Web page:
Russian disinformation distorts American and European democracy

Lost Art Of Bending Over: How Other Cultures Spare Their Spines

Brave Senior Rescue Dog Sacrifices Himself To Save His Family When They Encounter A Black Bear

On Russia, Americans trust special counsel Mueller more than Trump, USA TODAY poll shows

People who swim in the sea are at significantly higher risk of stomach bugs, ear problems and other illnesses than those who stick to the sand, research suggests.
The team behind the findings suggest the increased chances of becoming unwell may be down to pollution of coastal waters by sources such as farm run-off and sewage.

North Atlantic right whales may face extinction after no new births recorded

Mirrors have revealed something new about manta rays – and it reflects badly on us

Daylight Savings Time starts Mar. 11, 2018

Mar 11, 2018 - Daylight Saving Time Starts

When local standard time is about to reach
Sunday, March 11, 2018, 2:00:00 am clocks are turned forward 1 hour to
Sunday, March 11, 2018, 3:00:00 am local daylight time instead.

Sunrise and sunset will be about 1 hour later on Mar 11, 2018 than the day before. There will be more light in the evening.

Thursday, March 01, 2018

Cuts To The National Weather Service Are Dangerous

Please read the whole article at the following link.

Marshall Shepherd
Feb. 17, 2018


The National Weather Service (NWS) is a jewel of the United States Government. I trust them for my weather information (by the way, so do you even if you may not realize it). Their computer models, satellites, radars and meteorologists are at the heart of most weather information that you consume on television and digitally. They also provide our valuable watches and warnings. Yet, President Trump's proposed 2019 budget includes dangerous cuts to the National Weather Service.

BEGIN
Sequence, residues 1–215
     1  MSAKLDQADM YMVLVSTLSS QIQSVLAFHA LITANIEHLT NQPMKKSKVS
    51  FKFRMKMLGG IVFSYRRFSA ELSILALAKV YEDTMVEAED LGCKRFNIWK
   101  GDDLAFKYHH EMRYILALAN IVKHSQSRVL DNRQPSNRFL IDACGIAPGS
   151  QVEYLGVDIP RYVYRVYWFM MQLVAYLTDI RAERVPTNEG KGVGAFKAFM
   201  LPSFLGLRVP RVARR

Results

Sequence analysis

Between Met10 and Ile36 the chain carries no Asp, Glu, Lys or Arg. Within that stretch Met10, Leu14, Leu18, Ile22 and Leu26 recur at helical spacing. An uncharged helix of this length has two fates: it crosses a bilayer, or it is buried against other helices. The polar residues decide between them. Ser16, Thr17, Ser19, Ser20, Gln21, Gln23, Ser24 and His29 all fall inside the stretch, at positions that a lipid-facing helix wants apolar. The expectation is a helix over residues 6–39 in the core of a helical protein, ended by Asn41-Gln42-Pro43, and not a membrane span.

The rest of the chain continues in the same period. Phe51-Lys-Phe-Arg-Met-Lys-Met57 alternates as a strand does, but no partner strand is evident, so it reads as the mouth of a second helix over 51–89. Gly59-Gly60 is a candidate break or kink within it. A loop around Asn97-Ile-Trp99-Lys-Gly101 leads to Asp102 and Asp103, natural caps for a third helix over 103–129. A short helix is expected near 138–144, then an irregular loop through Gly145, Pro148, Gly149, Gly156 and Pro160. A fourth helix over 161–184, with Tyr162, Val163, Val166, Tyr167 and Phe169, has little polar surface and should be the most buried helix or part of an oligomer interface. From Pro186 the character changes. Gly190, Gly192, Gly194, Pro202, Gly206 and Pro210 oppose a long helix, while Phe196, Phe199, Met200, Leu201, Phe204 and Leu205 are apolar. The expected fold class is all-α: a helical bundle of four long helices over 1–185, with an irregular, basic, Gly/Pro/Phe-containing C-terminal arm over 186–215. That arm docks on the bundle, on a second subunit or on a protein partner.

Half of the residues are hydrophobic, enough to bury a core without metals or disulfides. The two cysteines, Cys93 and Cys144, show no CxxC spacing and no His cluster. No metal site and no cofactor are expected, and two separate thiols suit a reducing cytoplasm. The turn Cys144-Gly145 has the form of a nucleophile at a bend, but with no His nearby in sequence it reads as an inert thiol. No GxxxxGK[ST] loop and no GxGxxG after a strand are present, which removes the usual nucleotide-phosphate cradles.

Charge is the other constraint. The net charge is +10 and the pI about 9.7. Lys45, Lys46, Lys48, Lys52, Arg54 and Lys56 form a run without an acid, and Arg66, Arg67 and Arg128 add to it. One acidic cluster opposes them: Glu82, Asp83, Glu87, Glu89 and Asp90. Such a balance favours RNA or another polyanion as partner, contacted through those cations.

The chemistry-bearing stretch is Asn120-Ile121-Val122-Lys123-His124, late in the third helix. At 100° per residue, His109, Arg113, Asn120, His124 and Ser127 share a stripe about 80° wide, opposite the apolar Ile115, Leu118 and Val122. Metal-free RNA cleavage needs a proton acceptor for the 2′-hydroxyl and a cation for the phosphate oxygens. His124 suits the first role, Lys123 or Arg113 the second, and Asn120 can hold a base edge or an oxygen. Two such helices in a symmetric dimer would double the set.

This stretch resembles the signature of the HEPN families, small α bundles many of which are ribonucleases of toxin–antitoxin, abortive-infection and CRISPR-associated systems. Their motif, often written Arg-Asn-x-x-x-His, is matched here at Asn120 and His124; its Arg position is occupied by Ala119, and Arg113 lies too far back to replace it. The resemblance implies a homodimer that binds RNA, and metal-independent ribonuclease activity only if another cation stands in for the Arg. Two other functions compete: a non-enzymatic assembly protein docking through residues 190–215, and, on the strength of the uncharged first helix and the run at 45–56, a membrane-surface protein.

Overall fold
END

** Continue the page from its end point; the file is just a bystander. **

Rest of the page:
I would like to propose a challenge to the reader. What do each of the following have in common?

  • An oil refinery manager in Houston trying to determine how to fortify infrastructure as Hurricane Harvey approaches.
  • A farmer assessing needs for irrigation of her peanut crop.
  • An air traffic controller routing a plane near turbulence or a thunderstorm.
  • The mayor of Ft. Myers, Florida assessing who should evacuate as Hurricane Irma approaches Florida.
  • The U.S. Navy evaluating options for moving its Norfolk-based fleet as Hurricane Sandy approached.
  • Firefighters and officials evaluating where to dispatch resources to battle wildfires in California.
  • A school superintendent deciding whether to send buses onto roads as a snowstorm approaches St. Paul, Minnesota.
  • A TV meteorologist providing guidance as potentially severe storms approach a town hosting an outdoor concert.

The answer is that they all rely on sound and timely weather information. The NWS is the agency in our country charged with that task. According to Avery Anapol writing in The Hill,

President Trump’s 2019 White House budget reportedly includes a proposed cut to the National Weather Service (NWS) that would eliminate hundreds of jobs. As part of an 8 percent cut to the agency’s budget, the Trump administration would nix 355 jobs, including 248 forecasters, saving an estimated $15 million, according to The Washington Post...The budget would also cut millions of dollars to the agency’s surface and marine observations program, the tsunami-warning program and activities that invest in weather modeling.


NWS union director Dan Sobien sums up his thoughts on proposed cuts in The Hill,

There simply will not be the staff available on duty to issue the forecasts and warnings upon which the country depends